Church of England Article By Lord Taylor of Warwick
Recently I appeared on BBC television, to talk about the banking crisis. Before this year, some of us may have been forgiven for thinking ‘the crunch’ was a type of chocolate bar. Now we are sadly all too familiar with the phrase ‘credit crunch‘.
Wall Street and the City of London were regarded as Masters of the Universe. We simply accepted that the system worked and that these high-level financiers knew what they were doing. Over the last decade the banks made obscene profits. Now they are making equally obscene loses. Formidable banking names such as Bear Stearns, Fannie Mae, Freddie Mac, Merrill Lynch, Lehman Brothers, Northern Rock and Halifax Bank of Scotland all hit the buffers.
Governments, particularly in America and Europe, have had to make hard choices when their banks started squealing for help. The stark choice is Buyout, Bailout, or Burnout (Bankruptcy).
Fannie Mae, Freddie Mac, Northern Rock and HBOS had to be saved because of their close proximity to the ordinary consumer and mortgages. Lehman Brothers were investment bankers and seemed to be more disposable. But it became clearer that the distinction between Wall Street and Main Street was a false one. Through our pensions, insurance policies, even local councils and charities, Wall Street and Main Street are part of the same highway system – whether we like it or not.
Over the last decade, there has been a “casino” culture, where banks have over-borrowed and used borrowed money to invest in extremely risky financial products. Credit overflowed, with the birth of all sorts of finance companies calling themselves banks – offering 0 percent interest deals arid mortgages at 120 percent the value of the property sought – with no proof of income required. It was a recipe for disaster and we have been staring at that disaster in recent days. It was not a pretty sight.
We have also had to learn that the banking problem could not be solved by a piecemeal bank by bank, country by country approach. The problem is more systematic and global. The last few days have been about surviving global financial meltdown. It has been a very expensive survival package.
The Treasury has injected £37 billion into HBOS, Lloyds TSB and the Royal Bank of Scotland. Yet in the very year that they brought Britain to the brink of financial ruin, we now learn that City bankers got bonuses of £17 billion. We need the market economy to create wealth and jobs. But without moral parameters, the market system eventually comes crashing down.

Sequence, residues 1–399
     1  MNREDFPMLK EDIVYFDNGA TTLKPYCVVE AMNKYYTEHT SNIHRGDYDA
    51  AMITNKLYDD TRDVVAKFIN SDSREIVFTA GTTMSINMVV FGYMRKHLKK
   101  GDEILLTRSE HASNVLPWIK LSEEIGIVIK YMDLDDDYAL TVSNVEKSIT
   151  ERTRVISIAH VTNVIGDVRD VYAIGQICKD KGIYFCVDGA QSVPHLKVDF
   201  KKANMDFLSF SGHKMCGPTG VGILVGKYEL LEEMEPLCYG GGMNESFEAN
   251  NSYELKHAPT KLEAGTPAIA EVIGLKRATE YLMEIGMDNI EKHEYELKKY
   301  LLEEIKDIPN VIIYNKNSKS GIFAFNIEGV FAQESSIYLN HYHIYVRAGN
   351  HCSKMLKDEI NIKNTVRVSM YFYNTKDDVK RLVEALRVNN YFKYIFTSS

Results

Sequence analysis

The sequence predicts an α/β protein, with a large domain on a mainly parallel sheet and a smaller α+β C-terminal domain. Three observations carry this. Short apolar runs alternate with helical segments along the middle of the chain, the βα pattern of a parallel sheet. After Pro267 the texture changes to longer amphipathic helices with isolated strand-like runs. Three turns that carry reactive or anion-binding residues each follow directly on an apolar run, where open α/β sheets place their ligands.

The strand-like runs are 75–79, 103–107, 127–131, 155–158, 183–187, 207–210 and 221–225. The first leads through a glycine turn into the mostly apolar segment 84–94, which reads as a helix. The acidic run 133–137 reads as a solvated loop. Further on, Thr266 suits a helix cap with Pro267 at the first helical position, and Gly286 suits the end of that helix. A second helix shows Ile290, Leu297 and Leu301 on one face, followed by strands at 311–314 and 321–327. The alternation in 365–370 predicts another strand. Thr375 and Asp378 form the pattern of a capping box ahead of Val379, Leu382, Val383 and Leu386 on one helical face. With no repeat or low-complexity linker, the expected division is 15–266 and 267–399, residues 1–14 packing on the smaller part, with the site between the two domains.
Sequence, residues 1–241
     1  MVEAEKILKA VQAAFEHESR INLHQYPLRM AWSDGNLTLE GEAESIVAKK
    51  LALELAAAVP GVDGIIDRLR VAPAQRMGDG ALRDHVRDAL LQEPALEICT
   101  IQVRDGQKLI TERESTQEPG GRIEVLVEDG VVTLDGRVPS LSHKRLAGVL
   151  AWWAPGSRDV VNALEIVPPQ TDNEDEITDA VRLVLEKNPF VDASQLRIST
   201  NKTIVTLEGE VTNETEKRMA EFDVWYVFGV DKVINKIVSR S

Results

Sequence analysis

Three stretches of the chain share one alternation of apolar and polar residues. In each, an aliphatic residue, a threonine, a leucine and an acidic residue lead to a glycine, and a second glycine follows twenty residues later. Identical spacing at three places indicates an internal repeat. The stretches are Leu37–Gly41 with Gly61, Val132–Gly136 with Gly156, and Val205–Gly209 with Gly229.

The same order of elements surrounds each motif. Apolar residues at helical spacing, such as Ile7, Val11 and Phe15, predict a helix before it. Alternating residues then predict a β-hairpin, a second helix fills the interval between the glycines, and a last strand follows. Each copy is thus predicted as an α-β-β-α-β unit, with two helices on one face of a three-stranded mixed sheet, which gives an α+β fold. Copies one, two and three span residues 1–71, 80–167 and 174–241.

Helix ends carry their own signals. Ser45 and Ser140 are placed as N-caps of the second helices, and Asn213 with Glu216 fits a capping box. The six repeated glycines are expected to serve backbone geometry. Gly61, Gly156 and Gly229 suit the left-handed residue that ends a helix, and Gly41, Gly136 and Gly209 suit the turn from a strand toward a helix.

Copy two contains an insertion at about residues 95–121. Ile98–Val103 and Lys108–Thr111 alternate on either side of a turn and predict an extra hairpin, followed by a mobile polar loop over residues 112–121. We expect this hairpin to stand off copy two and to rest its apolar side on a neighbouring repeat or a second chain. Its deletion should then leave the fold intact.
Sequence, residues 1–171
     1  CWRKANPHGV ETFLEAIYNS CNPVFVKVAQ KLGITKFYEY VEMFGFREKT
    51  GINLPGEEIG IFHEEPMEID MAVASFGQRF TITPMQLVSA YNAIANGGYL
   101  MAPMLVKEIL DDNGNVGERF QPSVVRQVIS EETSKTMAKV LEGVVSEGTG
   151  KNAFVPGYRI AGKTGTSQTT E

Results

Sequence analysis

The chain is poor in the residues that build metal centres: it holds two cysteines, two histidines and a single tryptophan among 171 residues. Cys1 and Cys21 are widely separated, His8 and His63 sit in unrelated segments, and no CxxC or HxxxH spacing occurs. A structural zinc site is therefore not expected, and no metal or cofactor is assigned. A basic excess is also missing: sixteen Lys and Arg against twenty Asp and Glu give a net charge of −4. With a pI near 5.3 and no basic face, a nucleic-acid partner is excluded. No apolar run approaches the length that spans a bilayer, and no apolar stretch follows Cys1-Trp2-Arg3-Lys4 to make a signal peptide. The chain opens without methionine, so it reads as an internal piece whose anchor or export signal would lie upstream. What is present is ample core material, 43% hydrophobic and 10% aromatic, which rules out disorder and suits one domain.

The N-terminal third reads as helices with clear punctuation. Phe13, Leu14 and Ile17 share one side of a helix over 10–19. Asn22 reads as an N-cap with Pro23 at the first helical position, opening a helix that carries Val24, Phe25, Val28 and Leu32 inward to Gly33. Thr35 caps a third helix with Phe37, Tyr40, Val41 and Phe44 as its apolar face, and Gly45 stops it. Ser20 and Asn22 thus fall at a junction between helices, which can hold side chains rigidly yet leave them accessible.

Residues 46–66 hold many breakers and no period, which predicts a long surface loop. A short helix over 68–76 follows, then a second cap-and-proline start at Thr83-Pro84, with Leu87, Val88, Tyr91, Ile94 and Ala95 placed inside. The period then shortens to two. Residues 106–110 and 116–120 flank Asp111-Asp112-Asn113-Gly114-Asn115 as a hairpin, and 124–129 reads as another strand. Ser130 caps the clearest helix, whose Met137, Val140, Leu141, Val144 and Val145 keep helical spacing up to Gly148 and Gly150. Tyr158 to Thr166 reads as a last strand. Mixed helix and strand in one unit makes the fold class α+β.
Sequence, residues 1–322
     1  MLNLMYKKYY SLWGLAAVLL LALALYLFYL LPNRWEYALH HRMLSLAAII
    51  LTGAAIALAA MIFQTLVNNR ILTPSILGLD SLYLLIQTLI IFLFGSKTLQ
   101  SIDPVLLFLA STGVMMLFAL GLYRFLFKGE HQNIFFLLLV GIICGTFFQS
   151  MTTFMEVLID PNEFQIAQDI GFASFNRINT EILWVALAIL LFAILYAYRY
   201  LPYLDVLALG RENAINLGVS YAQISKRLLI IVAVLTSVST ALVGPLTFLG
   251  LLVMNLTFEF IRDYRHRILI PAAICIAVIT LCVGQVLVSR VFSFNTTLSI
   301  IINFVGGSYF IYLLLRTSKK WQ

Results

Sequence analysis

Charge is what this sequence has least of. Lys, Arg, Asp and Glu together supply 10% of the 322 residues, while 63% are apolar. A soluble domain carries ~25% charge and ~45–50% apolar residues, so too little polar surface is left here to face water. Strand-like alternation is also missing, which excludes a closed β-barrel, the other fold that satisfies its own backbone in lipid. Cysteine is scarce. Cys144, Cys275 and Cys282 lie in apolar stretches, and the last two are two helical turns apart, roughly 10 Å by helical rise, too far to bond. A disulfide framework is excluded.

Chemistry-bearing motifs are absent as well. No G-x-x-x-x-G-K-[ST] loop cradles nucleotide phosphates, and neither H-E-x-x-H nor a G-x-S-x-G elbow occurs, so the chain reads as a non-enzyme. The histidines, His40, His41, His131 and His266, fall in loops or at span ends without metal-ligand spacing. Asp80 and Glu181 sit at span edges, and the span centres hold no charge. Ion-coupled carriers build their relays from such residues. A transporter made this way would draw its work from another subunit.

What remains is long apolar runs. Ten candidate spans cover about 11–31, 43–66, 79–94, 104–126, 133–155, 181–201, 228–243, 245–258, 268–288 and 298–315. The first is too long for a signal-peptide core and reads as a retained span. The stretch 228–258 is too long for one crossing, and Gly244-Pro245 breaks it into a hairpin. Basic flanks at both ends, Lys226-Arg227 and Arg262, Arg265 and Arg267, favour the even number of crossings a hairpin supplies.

In the Hollywood film Wall Street, the avaricious investment banker, Gordon Gekko, announced “Greed is Good”. His greed infected his whole attitude to life, when he also declared, “If you want a friend, get a dog”. That film could have been made yesterday. It is chilling to recall that it was made in 1987. The film had a warning, since it ended with financial and personal ruin for Gekko. We all flocked to see the film and even gave Michael Douglas an Oscar for best leading actor. But we did not heed the warning. Now we see the consequences.
Our leaders must have a fresh economic vision, which avoids making the same mistakes in the future. It is easier to avoid a storm than to get out of one. Issues such as an international monetary system and financial regulation have to be tackled. It means recognising that economic power is no longer restricted to the G7 nations. China, India, Russia, and Brazil are fast-growing economic powers, who must be included in negotiations on the way forward. It means looking again at the roles of the International Monetary Fund, the World Bank, the World Trade Organisation and regulatory bodies such the Financial Services Authority.
So what does the Bible have to say, which might give us some wisdom here? It is clear that in first century Christianity, banks were an integral part of the economy We read of “money-changers” in Matthew 21:12 and elsewhere in the gospels of Mark and John. Luke 19:23 describes financial investment in a positive way, where it yields a fair and proper interest “Then why did you not put my money in a bank, so that on my return I might have collected it with interest?”
Wealthier members of the biblical banking profession, like today, received money on deposit to invest and gain interest. But under Mosaic Law, ordinary Jews were forbidden to take interest on money from one another. But in modern society, all sorts of unregulated outfits and even loan sharks have become providers of finance – often leading to worse financial problems for the borrowers. It was their love of money and greed which led to Christ turning over the tables of the money exchangers and driving them from the Temple: Matthew 21:12.
This has been a wake-up call for Governments and Financial Institutions. The marketplace itself is not wrong. But it cannot operate indefinitely in a moral vacuum. God will supply our need, not our greed.